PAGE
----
Mike LaBree wins in kickboxing return

By Doug Halberstadt
Sports Columnist

When the evening began at 7:30, he was a 53-year-old retired professional kickboxer. Less than two hours later, he was the new Cage Concepts Super Heavyweight Champion. That’s how last Saturday night played out for former Roscoe resident “Mean” Mike LaBree.

It wasn’t easy, however. Standing in LaBree’s way was his opponent, Rick McGraw, a 6-feet, 7-inch southern Illinois prison guard weighing 261 pounds. McGraw brought a 21-3 professional record into the ring. As McGraw stood in his corner awaiting LaBree’s arrival, he dwarfed his corner men and maintained a very intimidating presence.

“No Worries”—that’s the accompanying music that played as LaBree made his way to the ring. The reggae song proclaimed, “Everything’s gonna be all right.” It proved to be prophetic.
Despite being rocked by multiple solid kicks and a pair of punishing right crosses in the first round. The smaller LaBree seemed determined not to let the larger McGraw realize any damage had been done.

Labree came out fresh and strong when the bell rang for the second round. Maintaining mostly a defensive posture, LaBree ducked and evaded McGraw long enough into the round that he appeared to tire out the big man. Seeming winded, McGraw caught a LaBree punch squarely in the face and he went down to one knee on the canvas.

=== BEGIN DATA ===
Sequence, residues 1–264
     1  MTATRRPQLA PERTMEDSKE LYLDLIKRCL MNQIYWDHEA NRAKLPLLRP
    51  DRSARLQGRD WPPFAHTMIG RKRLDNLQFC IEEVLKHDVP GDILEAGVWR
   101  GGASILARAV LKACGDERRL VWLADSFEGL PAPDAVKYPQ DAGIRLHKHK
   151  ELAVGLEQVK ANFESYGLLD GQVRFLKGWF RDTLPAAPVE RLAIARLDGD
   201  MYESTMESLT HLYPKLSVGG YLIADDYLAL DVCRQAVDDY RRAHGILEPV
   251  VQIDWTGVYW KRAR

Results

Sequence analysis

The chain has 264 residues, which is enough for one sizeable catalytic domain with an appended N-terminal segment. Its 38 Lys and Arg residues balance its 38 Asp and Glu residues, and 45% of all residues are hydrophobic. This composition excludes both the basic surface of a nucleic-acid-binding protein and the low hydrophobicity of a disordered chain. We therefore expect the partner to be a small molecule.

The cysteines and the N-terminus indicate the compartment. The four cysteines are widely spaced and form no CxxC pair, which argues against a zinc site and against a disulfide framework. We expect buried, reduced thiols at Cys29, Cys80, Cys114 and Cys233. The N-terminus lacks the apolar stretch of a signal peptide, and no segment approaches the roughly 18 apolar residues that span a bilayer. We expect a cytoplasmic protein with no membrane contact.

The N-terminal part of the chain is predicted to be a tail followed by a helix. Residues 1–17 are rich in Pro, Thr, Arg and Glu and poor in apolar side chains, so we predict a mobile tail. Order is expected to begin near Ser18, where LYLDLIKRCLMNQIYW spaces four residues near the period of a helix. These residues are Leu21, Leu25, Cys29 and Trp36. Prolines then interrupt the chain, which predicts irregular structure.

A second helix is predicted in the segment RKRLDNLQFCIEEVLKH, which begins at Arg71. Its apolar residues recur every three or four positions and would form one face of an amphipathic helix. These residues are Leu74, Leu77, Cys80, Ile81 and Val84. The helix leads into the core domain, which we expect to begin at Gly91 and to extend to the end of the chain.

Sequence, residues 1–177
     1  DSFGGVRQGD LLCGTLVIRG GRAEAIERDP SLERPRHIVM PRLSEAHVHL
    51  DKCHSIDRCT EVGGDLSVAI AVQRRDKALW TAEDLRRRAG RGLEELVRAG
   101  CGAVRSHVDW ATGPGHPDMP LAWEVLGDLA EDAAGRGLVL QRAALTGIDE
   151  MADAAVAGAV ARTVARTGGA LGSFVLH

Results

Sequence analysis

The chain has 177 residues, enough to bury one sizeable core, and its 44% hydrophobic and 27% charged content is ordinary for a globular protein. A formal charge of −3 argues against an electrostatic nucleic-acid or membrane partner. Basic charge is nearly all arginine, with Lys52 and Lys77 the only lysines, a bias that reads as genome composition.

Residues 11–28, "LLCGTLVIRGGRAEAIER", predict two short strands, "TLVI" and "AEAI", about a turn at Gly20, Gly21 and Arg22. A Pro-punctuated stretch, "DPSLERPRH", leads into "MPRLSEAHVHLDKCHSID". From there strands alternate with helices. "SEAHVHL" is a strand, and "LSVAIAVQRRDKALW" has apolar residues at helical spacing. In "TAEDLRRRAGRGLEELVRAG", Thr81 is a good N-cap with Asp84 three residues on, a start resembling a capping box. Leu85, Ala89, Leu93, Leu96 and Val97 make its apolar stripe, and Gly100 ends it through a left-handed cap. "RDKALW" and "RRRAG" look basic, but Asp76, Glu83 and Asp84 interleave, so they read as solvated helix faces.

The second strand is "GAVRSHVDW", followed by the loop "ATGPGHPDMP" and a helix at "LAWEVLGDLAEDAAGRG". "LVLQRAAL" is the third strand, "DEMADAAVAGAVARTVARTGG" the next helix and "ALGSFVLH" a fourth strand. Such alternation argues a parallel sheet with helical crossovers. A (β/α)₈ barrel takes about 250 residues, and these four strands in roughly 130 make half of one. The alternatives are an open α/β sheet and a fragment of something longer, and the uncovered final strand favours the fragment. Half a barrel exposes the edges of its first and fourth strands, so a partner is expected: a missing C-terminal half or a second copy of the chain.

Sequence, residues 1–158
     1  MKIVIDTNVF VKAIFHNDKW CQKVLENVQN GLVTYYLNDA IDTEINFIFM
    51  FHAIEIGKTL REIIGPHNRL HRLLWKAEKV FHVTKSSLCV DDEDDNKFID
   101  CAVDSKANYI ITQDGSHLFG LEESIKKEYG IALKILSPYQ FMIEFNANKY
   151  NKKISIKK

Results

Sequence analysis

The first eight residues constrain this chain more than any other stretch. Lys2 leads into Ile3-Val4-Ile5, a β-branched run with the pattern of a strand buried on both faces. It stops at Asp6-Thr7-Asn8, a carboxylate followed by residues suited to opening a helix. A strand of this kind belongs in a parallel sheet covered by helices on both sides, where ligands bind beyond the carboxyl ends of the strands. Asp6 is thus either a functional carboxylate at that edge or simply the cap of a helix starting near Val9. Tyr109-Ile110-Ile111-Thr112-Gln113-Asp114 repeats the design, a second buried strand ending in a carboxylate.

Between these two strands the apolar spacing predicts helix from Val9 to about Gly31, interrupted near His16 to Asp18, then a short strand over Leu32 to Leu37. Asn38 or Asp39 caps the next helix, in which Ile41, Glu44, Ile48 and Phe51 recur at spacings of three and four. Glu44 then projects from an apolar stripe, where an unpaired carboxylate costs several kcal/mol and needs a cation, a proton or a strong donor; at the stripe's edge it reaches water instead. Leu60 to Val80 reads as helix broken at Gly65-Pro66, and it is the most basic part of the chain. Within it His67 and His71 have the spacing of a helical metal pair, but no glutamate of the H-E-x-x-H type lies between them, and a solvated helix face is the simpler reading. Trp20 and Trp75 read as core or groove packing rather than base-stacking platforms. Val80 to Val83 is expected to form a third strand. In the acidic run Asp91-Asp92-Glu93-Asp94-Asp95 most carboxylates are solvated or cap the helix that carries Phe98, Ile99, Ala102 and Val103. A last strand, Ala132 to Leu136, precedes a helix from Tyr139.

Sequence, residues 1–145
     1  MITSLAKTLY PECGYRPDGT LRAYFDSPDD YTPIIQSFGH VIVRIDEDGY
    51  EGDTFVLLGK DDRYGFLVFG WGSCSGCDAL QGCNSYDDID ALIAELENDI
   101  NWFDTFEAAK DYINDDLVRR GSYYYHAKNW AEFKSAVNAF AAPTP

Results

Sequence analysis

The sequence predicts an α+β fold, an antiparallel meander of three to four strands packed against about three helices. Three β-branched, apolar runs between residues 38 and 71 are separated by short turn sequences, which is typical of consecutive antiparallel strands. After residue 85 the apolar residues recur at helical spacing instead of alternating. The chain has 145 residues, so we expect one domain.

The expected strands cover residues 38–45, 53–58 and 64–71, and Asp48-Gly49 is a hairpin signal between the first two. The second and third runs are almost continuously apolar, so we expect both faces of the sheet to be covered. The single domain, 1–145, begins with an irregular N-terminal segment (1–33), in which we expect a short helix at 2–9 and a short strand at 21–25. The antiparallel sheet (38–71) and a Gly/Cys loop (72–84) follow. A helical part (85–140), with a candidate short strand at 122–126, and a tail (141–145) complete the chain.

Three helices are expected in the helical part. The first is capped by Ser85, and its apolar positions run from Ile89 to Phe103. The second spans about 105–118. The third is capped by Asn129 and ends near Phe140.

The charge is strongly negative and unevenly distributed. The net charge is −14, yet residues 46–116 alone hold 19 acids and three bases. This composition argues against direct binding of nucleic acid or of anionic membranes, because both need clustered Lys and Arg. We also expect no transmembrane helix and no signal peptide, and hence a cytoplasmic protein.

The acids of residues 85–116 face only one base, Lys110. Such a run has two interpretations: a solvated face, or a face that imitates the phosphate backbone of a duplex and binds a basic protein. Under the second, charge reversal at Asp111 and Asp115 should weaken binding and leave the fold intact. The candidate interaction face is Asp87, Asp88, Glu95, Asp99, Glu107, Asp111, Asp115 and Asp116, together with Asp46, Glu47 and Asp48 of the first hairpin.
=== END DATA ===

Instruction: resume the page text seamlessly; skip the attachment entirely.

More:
After receiving the mandatory eight count from referee Al Wickers, McGraw failed to rise to his feet and said he was unable to continue. The fight was stopped and LaBree was once again a champion. He improved his professional record to 51-3. He’s knocked out his opponent in 47 of those wins.
During his in ring post fight interview LaBree declared, “You’ve seen my last kick boxing fight.” He then jokingly hinted he still might not be too old for boxing.

In other action on “The Rumble Invades Beloit” card, amateur kickboxer Chris Peters, Rockford, won the $500 prize for the nine man “Put Up or Shut Up” tournament. Freeport fighter Tony Leitzen knocked out his brother Ricky Leitzen who traveled all the way from Las Vegas to try and settle the family feud.
The final fight of the night was like watching a second main event. Andrew Navickis, of Machesney Park, survived a tough fight with Springfield’s Louis Dewerdt. The two traded fierce punches and kicks for five rounds before Navickis had his hand raised in victory.

From the March 5-11, 2014 print edition

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